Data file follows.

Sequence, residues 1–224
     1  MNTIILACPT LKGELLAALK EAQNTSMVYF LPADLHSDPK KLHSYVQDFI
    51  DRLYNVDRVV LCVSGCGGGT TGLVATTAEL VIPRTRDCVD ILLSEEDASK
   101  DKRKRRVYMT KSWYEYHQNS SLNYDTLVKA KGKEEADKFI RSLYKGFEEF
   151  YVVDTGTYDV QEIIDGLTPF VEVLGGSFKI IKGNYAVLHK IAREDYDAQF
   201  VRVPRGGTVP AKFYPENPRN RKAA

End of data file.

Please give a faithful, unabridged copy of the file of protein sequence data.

Sequence, residues 1–224
     1  MNTIILACPT LKGELLAALK EAQNTSMVYF LPADLHSDPK KLHSYVQDFI
    51  DRLYNVDRVV LCVSGCGGGT TGLVATTAEL VIPRTRDCVD ILLSEEDASK
   101  DKRKRRVYMT KSWYEYHQNS SLNYDTLVKA KGKEEADKFI RSLYKGFEEF
   151  YVVDTGTYDV QEIIDGLTPF VEVLGGSFKI IKGNYAVLHK IAREDYDAQF
   201  VRVPRGGTVP AKFYPENPRN RKAA